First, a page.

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East Baton Rouge Mayor-President Sharon Weston Broome 

After many years in the Louisiana Legislature, Sharon Weston Broome has to know that one of the worst signs for an official is to be in the sights of John N. Kennedy.

As Stormy Petrel, which might as well have been his official title, the state treasurer made a career out of criticizing others, flying caustically above the OB markers of his own relatively limited role in the State Capitol.

After many years, and three attempts, Kennedy has been promoted to the U.S. Senate. And he continues to meddle in state politics, as though he never left for Washington; he is a political albatross from the “The Rime of the Ancient Mariner.”

And now, with the Senate and the federal government in chaos, Kennedy has cast a beady eye on the minuscule contracts in Baton Rouge for the likes of Arthur "Silky Slim" Reed.

Broome must know that this does not bode well.

There are different phases of the John N. Kennedy School of Scapegoating. Usually, there is an appearance of fact-finding before hen-pecking the data; this month, he has quick-stepped to the beating phase.

“These actions call into question the tactics your administration is using to fight the ever-increasing violent crime rate in Baton Rouge,” Kennedy wrote in his first letter to Broome about BRAVE.

The wonder is that Kennedy is leaving in qualifying adverbs in sentences referring to the “seemingly blatant waste of our federal tax dollars.”

The new mayor-president simply cannot win in the BRAVE battle. On the one hand, she is publicly committed to continuing it, and influential members of the community — such as District Attorney Hillar Moore — see it as a great success in curbing juvenile crime in the mayor’s turf of north Baton Rouge.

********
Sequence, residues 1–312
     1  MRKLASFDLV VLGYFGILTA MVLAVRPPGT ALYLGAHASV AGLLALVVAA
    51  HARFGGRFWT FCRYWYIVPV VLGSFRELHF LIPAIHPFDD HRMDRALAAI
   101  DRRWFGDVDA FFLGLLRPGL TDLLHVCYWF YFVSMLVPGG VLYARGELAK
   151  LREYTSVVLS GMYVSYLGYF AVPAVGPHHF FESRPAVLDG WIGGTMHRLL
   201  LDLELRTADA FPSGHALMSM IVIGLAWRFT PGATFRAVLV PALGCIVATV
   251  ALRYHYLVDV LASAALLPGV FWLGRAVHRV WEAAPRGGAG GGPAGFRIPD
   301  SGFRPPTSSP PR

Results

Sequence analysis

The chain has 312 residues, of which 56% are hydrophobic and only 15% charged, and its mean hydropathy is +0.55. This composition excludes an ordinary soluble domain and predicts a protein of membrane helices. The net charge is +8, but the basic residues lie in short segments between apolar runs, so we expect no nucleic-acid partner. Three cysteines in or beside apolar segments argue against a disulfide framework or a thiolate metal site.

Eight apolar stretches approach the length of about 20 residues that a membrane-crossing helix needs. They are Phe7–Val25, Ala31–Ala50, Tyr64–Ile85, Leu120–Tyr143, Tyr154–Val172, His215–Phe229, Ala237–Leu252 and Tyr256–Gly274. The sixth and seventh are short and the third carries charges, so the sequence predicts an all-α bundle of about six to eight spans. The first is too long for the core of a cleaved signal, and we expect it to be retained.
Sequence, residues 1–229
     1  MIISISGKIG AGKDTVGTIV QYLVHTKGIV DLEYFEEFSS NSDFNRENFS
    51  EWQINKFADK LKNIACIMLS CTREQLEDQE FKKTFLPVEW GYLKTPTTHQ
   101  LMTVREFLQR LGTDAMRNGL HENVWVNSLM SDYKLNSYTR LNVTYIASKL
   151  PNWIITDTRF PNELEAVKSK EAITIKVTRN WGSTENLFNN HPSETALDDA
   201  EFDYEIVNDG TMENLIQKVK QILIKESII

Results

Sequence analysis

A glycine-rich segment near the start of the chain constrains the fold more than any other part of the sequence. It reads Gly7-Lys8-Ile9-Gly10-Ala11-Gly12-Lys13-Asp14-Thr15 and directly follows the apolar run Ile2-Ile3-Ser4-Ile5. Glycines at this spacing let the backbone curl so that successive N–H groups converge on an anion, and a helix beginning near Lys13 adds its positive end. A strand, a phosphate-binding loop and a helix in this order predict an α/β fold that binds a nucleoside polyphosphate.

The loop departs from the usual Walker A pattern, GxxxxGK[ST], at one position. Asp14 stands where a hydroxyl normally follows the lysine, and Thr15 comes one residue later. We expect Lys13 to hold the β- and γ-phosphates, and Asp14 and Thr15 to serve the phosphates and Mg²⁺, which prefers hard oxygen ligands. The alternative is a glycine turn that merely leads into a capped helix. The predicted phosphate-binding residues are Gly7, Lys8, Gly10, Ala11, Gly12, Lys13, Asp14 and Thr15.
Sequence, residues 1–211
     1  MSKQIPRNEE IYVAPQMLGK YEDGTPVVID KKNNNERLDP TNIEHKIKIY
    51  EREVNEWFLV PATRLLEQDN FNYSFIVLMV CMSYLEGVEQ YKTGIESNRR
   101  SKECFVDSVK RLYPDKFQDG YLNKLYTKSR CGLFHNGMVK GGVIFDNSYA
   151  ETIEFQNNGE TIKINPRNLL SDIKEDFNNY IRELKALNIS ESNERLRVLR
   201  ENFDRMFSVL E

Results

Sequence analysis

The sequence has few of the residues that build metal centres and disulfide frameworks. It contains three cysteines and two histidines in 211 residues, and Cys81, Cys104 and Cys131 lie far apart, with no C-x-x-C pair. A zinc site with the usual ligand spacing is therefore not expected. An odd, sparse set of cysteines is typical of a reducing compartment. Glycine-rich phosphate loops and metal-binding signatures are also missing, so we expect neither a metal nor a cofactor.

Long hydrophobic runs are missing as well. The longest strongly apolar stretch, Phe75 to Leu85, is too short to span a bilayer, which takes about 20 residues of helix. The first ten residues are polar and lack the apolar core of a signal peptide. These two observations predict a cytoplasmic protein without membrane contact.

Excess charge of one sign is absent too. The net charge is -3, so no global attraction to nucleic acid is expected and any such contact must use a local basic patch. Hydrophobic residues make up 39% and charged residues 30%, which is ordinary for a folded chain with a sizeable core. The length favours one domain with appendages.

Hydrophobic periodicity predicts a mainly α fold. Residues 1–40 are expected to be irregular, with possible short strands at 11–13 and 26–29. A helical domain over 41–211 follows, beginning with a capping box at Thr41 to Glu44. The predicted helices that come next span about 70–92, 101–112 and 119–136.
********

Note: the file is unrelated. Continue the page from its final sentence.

On the other hand, the mess surrounding its administration has her, in the words of aide James Gilmore, in constant "clean-up and asking-for-forgiveness mode since we took office.”

If one can say that Broome’s relationship with her predecessor was not already poisoned, Kip Holden is positively scabrous at her suggestion all the administrative screw-ups came on his watch.

Finally, there seems almost no way for the mayor to clear the air.

The program is being mischaracterized, in part by Kennedy, who is less than scrupulous when it comes to sinking his claws into the data of others. The 63 youths “served” at what was said to be a cost of $30,000 apiece are only part of the BRAVE initiative, and to reduce the various costs of research and interventions into that kind of factoid is easy grist for Kennedy and other critics.

Rather, it was intended to be intensive intervention after the more threatening rounds of “call-ins” for youths identified as potential troublemakers, warned off of crime; the money spent on data at LSU is a lot of the cost. That is a critical component if you’re going to have a data-driven approach to fighting the gang problem.

If that’s not enough, the since-canceled contracts to agitators like Silky Slim are fodder for the criticism.

The administration is aloof. That's not necessarily a bad thing, given the hothouse atmosphere at the Municipal Building these days, but the new mayor seems to absent herself from Metro Council meetings when controversial subjects are apt to arise.

Where is Broome when something like this is said at a Metro Council meeting: “I know what it means to get a call at 3 o'clock in the morning: ‘come get me, my mom just overdosed. Come get me, my dad just hit my mom,’” Tremaine Sterling patronizingly lectured the officials. He runs the 29:11 mentorship program and received a recent $5,000 BRAVE contract. “We spend time in the community. We deserve to get a piece of the pie.”

Whoever was present representing the mayor might have stood up right then and disavowed the notion that BRAVE contracts are a pie divided by the politically deserving of the African-American community. No one did, and can anyone doubt that Kennedy will swoop on that one?

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